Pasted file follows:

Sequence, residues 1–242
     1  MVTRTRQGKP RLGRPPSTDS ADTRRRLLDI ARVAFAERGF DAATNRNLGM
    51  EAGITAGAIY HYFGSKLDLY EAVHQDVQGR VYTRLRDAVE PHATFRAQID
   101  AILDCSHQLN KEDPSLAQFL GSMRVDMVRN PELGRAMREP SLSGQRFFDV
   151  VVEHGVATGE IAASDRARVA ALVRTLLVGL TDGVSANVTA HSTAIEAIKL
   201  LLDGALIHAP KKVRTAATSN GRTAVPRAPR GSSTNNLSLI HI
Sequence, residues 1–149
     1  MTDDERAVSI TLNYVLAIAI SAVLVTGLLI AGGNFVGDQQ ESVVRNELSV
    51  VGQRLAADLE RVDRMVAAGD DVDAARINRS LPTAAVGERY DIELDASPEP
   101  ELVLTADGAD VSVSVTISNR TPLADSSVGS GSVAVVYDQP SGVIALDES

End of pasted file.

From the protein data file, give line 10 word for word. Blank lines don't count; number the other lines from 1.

   101  ELVLTADGAD VSVSVTISNR TPLADSSVGS GSVAVVYDQP SGVIALDES